What else makes this a good movie? Well, for one, it’s able to start off on Hoth, with the rebels hiding out in their snow caves, take us through a battle and evacuation there – not to mention Luke’s encounter with the native wildlife and the tauntaun sleeping bag Han makes for him – then send Luke off to Dagobah to meet Yoda and do his whole Jedi thing while Leia and Han and Chewbacca and C3PO land on an asteroid, almost get eaten by a giant salamander, go to Bespin and meet Lando, then get caught by the Empire. And then we get everyone back together again for the big climax, with the obligatory lightsaber duel and space fight. The movie takes all of that, and that’s a lot to go through really, and manages to feel cohesive. Luke spends half the movie doing handstands and levitating shit and it doesn’t make the pacing feel weird. It all works. It’s also not a movie with the same sort of climax as the first and third ones have. There’s no grand battle between huge forces. There’s no whole world at stake here. Planets aren’t being blown to smithereens. The tension is all on a different scale. And that works too. That’s fantastic.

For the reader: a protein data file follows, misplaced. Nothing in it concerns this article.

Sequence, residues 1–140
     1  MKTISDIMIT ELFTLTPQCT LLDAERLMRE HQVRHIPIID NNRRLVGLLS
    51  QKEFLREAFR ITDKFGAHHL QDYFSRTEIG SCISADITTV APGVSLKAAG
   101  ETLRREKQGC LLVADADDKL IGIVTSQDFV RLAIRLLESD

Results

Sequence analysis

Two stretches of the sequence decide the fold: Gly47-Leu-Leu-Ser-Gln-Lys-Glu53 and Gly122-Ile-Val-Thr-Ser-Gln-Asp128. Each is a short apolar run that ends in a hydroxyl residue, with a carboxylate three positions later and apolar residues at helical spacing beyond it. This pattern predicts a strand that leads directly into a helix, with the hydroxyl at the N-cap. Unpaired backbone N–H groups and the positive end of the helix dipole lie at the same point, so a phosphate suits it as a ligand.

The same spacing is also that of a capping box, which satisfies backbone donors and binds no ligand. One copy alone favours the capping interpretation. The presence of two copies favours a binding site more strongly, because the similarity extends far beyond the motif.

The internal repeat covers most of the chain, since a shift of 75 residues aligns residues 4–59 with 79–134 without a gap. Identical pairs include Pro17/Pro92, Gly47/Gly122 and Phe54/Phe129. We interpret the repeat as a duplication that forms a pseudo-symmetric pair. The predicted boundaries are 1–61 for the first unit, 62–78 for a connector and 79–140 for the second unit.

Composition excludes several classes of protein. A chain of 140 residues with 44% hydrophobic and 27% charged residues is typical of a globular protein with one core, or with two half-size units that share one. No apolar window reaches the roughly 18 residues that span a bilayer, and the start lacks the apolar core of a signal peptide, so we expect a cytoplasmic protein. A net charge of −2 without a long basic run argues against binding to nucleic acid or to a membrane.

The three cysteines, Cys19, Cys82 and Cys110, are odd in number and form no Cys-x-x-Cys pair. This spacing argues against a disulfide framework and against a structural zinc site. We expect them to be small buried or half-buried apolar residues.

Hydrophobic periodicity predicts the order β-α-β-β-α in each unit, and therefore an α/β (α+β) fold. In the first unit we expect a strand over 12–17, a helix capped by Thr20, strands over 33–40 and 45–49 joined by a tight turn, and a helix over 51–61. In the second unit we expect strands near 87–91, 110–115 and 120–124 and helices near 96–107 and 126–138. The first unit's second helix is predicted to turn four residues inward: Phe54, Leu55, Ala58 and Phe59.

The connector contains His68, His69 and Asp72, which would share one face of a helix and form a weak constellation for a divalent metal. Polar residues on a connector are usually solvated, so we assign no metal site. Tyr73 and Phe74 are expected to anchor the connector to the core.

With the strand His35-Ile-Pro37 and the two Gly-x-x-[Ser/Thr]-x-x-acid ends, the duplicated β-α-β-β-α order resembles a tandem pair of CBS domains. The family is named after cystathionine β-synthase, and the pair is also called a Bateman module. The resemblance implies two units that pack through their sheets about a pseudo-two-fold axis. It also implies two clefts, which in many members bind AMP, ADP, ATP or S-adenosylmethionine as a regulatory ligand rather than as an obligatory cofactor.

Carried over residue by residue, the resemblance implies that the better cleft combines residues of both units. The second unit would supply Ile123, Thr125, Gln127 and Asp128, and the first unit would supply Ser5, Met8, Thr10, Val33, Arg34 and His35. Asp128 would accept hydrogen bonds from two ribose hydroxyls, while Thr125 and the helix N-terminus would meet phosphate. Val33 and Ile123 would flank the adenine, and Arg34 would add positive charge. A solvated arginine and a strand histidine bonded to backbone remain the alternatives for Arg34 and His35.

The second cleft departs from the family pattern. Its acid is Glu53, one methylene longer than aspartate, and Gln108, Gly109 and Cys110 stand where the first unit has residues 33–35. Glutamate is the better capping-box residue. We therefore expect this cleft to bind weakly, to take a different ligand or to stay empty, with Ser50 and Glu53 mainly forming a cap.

And then there’s the big secret reveal, which not even the actor in Vader’s suit knew about until after the fact. I love that. I love that there was tension there, and mystery, and this huge revelation that totally changed the way you looked at the events of the previous movie, and how you see Darth Vader’s actions, and Luke’s reactions to him in turn. It was a wonderful twist and the timing of it, right after Han’s been frozen and everything else is all in chaos, is perfect. Unfortunately, it does mean that the movie ends on a rather uncertain note. Sure, technically the good guys got away (mostly) and the Empire didn’t have its unconditional victory. But Han’s in the hands of Boba Fett. Luke’s just had his whole world turned upside-down. The Empire is still dangerous. The Rebellion is still at risk. Very little got settled in this movie, really. Which is why, I’m sure, I like to watch the next one right after. Good thing it’s not long until tomorrow.